US intelligence services have interrogated three of Osama bin Laden’s widows who were picked up in a US raid that saw the al Qaeda leader killed, CNN said Thursday, citing US and Pakistani sources.
The women were reportedly interviewed as a group, despite US wishes to interview them separately, and were openly “hostile” to US officials interviewing them, said CNN, quoting a Pakistani government official and two US officials close to matter.
The eldest of the wives spoke for all them in the interview, which was also attended by members of Pakistan’s Inter-Services Intelligence (ISI) agency.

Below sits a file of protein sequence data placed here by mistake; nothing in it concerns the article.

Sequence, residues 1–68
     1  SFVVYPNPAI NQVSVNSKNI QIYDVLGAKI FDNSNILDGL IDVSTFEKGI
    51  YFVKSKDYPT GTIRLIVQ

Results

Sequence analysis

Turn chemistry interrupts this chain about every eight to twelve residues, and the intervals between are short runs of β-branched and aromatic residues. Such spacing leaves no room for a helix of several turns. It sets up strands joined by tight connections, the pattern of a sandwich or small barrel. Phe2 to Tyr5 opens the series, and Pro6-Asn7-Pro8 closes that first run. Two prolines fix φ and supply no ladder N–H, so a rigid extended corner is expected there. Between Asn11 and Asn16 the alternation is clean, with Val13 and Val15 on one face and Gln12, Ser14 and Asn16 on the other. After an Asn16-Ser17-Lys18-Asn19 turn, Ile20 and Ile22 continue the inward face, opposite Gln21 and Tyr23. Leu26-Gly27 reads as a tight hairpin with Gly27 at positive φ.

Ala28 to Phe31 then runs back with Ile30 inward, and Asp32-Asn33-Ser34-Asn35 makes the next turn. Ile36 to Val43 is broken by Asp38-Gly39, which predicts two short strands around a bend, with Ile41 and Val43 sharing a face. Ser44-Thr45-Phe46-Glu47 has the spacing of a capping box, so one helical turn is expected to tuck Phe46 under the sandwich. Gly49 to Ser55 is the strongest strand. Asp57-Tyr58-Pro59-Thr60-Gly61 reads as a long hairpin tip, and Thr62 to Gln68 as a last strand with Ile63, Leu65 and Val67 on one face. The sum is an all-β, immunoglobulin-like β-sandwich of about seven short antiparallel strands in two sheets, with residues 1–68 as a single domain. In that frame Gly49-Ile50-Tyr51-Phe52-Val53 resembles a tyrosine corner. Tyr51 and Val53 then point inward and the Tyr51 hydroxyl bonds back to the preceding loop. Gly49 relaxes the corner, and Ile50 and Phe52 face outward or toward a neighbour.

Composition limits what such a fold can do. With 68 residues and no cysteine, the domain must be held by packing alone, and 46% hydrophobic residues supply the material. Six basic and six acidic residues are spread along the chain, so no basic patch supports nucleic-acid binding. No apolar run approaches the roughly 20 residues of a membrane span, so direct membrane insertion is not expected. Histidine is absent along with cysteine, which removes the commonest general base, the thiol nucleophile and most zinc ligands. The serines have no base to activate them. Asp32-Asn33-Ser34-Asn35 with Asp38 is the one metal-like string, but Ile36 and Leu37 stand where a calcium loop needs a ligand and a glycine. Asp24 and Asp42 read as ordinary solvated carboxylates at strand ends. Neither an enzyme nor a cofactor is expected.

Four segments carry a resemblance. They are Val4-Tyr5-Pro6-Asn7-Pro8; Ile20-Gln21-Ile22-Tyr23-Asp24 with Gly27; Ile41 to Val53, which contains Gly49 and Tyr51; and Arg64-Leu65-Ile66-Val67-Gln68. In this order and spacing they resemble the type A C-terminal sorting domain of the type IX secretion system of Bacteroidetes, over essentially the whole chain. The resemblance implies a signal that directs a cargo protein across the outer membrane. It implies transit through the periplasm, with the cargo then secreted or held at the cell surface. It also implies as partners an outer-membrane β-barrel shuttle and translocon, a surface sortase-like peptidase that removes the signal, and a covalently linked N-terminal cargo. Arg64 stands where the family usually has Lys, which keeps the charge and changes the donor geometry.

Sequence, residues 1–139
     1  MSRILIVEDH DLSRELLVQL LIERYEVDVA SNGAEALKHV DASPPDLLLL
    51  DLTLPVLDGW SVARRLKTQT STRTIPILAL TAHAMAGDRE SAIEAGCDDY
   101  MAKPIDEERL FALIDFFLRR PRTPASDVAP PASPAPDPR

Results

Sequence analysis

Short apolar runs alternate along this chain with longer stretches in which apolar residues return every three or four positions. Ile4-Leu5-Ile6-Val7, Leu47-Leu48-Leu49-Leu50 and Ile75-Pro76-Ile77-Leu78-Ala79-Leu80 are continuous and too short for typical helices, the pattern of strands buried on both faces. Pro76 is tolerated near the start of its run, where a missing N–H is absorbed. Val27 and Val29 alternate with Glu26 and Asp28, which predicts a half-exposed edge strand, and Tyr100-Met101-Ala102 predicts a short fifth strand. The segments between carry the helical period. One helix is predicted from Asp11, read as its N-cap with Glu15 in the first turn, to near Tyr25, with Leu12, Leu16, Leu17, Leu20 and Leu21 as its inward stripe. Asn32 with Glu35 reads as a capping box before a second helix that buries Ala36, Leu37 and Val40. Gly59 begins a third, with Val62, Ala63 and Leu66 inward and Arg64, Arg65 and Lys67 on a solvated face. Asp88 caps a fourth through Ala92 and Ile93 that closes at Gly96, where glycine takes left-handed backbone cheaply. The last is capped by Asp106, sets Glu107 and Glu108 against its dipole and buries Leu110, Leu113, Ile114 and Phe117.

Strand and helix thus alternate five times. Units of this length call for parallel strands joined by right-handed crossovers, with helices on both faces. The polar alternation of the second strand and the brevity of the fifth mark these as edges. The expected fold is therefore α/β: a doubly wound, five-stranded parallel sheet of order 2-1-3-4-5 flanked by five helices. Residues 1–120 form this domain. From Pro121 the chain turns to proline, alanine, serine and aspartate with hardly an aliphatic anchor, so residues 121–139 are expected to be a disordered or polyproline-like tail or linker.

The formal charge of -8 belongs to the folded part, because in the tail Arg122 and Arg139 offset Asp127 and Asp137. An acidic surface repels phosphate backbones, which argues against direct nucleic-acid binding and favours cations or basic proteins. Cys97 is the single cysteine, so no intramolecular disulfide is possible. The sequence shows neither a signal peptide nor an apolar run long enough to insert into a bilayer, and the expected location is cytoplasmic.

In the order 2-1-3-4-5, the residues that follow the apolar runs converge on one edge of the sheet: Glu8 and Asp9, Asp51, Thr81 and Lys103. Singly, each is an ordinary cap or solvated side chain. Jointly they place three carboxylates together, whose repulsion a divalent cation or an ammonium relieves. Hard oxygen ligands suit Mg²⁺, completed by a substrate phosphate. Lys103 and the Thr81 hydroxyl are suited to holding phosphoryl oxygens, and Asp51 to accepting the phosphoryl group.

Members of both governments told CNN that despite the uptick in tensions between the two anti-terror allies, in the wake of the US commando raid that killed bin Laden, the world’s most wanted man, intelligence sharing has continued.
The White House had called on Islamabad to help counter growing mistrust by granting US investigators access to the three, who have been in Pakistani custody.
It is thought the women could have vital information on the Al Qaeda network and bin Laden’s involvement – from his hide-out – in their operations.
The United States has demanded an investigation as to how the Al Qaeda chief could have lived for years in a garrison city less than a mile from a top military academy and only 35 miles (56 kilometers) from Islamabad.
Pakistan officials have slammed the raid but adamantly denied sheltering the man believed to have masterminded the September 11, 2001 attacks, which killed some 3,000 people.